Award-winning chef Charles Phans Slanted Door serves a modern interpretation of classic Vietnamese street food, with a focus on locally sourced, fresh ingredients. Located in an airy and relaxed new space in the Ferry Building, it has become a must for food-loving visitors; a meal here, overlooking the San Francisco Bay, is not to be missed, but good luck getting a table.
Flour + Water is a great neighborhood spot on the corner of Harrison and 20th, but its also just a great restaurant. Owners David White and David Steele (longtime Mission residents) and Thomas McNaughton, their 2011 James Beard finalist for Rising Star Chef, call pasta their focus, and it's excellent and unusual (where else will you find tajarin with brown butter-braised giblets and chiles?). But they also serve some of the countrys best Neapolitan pizza, including a textbook Margherita (heirloom tomatoes, basil, fior di latte, and extra-virgin olive oil) and a spicy Salsiccia (tomato, sausage, gaeta olives, smoked caciocavallo cheese, and chile).
Zuni showcases San Francisco Mediterranean cooking at its best, with dishes from chef Judy Rodgers, and Chez Panisse alumnus Gilbert Pilgram now in charge of the dining room. The house-cured anchovies with celery, parmigiano, and coquillo olives; the grilled local opah; and the whole roasted chicken with bread salad for two are among the emblematic dishes in this food-mad town.
Shellfish platters, foie gras terrine, salt cod beignets, steak frites, steamed mussels, profiteroles, and other bistro basics are on the menu at this authentic-looking French bistro reimagined in the Napa Valley and the fact that the man behind the place is Thomas Keller means that its all very, very good.
At this ultimate haven for adventurous carnivores, chefs Jon Shook and Vinny Dotolo have won a host of awards for their hearty, straightforward, and innovative cooking. Dishes like their foie-gras-spiked loco moco, oxtail poutine, and "Buffalo style" crispy pig's tail keep chefs and civilians alike coming back for more.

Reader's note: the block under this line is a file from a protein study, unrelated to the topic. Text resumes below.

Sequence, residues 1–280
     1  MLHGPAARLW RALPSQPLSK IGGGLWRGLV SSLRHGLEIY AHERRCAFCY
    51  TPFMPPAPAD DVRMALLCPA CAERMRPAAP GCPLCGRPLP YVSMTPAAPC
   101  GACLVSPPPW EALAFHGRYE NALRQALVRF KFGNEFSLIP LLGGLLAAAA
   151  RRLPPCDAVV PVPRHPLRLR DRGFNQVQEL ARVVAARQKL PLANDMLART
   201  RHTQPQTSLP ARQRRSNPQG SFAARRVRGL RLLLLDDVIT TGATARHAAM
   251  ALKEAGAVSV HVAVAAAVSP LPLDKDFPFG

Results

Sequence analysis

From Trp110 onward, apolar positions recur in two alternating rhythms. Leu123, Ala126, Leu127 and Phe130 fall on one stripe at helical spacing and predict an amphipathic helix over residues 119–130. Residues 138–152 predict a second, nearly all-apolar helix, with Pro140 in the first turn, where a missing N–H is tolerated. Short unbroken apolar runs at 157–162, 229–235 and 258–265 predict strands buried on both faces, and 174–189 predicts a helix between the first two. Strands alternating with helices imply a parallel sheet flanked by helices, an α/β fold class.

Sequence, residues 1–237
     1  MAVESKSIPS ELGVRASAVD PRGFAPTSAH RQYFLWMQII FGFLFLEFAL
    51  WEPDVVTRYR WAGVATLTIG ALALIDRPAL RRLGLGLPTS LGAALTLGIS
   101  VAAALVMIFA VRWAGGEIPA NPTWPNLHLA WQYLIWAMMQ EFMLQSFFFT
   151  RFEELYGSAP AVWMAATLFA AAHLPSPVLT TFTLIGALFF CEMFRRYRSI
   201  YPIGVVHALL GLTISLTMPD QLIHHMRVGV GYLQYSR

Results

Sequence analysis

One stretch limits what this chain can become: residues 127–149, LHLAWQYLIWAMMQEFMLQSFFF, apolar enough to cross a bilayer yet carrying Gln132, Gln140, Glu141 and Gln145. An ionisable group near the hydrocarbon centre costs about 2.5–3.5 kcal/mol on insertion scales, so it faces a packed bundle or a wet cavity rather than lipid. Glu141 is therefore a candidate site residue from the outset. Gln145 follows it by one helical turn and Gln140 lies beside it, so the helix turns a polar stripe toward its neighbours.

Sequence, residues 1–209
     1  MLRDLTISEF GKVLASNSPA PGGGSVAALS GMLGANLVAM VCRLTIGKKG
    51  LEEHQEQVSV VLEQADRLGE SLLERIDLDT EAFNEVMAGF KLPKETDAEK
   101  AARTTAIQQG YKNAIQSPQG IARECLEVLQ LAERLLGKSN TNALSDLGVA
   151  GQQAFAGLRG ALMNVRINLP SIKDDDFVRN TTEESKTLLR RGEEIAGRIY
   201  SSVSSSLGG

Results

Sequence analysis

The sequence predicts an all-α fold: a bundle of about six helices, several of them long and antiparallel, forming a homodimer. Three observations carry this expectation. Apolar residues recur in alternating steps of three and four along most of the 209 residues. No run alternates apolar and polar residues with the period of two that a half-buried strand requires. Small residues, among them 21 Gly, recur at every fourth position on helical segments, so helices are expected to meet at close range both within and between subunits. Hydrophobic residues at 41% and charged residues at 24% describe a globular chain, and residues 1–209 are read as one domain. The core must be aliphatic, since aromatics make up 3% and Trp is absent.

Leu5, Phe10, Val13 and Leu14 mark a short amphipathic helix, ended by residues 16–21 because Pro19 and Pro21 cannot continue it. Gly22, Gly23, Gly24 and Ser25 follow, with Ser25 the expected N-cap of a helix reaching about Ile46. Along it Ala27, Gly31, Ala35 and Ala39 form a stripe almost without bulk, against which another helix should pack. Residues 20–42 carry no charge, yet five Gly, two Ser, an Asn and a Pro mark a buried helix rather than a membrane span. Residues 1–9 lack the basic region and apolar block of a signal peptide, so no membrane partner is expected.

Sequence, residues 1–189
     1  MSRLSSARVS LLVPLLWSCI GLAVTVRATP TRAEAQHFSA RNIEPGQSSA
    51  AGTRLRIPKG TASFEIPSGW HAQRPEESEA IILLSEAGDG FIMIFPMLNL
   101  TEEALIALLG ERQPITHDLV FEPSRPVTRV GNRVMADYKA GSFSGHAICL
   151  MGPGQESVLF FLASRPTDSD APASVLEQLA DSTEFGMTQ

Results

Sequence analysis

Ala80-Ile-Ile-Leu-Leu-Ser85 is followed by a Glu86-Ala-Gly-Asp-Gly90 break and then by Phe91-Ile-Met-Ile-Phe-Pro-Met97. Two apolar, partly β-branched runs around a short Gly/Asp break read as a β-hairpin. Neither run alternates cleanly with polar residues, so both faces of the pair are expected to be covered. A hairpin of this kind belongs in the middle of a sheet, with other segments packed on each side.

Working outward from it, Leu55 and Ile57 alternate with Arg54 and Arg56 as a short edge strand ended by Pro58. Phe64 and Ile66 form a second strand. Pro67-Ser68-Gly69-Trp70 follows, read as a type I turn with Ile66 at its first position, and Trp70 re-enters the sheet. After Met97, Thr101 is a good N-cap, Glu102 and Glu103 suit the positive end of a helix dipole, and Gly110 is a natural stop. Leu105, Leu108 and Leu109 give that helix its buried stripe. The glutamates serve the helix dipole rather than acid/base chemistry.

Nancy Silverton, whose La Brea Bakery changed the game for artisanal bread in America, teams up here with New York-based Italian-food moguls Mario Batali and Joe Bastianich in this lively urban restaurant, complete with a mozzarella bar, unusual pasta (calfs brain ravioli, spaghetti with marinated white anchovies), and main dishes ranging from sea trout with lentils to grilled pancetta-wrapped quail. In 2011, Mozza pastry chef Dahlia Narvaez was named a James Beard Award finalist.
How did a chef whose innovative restaurant in Manhattan failed and who headed west to cook in a downtown L.A. hotel suddenly emerge in the Napa Valley to create a restaurant to rival the great three-star establishments of rural France? Hard work and outsize talent, most probably. Taking over what had been a good but far simpler restaurant, chef Thomas Keller approached contemporary American food with classical technique, and his French Laundry established new standards for fine dining in this country. In 2012, Keller and the French Laundry received a coveted AAA Five Diamond Award, just another honor to add to the pile.
Celebrating 40 years in business and still going strong, Chez Panisse was instrumental in changing the American food scene; before this restaurant, practically nobody in America served only fresh local foods and wrote menus daily, according to the season. Alice Waters, an organic-living pioneer, is also the founder of The Edible Schoolyard, a foundation that is bringing healthy breakfasts and lunches to schools across the nation. It has become fashionable to criticize this culinary icon as irrelevant or pretentious, but the truth is that her restaurant's food is still superb, both in the one-menu-a-night downstairs restaurant and the lively, diversified upstairs Caf.